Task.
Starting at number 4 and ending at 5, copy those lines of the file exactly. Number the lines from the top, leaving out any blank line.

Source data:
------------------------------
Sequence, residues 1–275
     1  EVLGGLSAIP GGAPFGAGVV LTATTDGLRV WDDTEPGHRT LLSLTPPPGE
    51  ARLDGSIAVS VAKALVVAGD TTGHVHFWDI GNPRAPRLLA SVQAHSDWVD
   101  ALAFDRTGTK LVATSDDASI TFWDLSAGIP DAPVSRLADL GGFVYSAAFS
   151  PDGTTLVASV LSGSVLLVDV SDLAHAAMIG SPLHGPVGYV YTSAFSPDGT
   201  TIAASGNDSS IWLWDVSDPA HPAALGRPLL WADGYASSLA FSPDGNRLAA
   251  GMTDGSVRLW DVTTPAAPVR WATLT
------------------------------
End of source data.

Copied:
   101  ALAFDRTGTK LVATSDDASI TFWDLSAGIP DAPVSRLADL GGFVYSAAFS
   151  PDGTTLVASV LSGSVLLVDV SDLAHAAMIG SPLHGPVGYV YTSAFSPDGT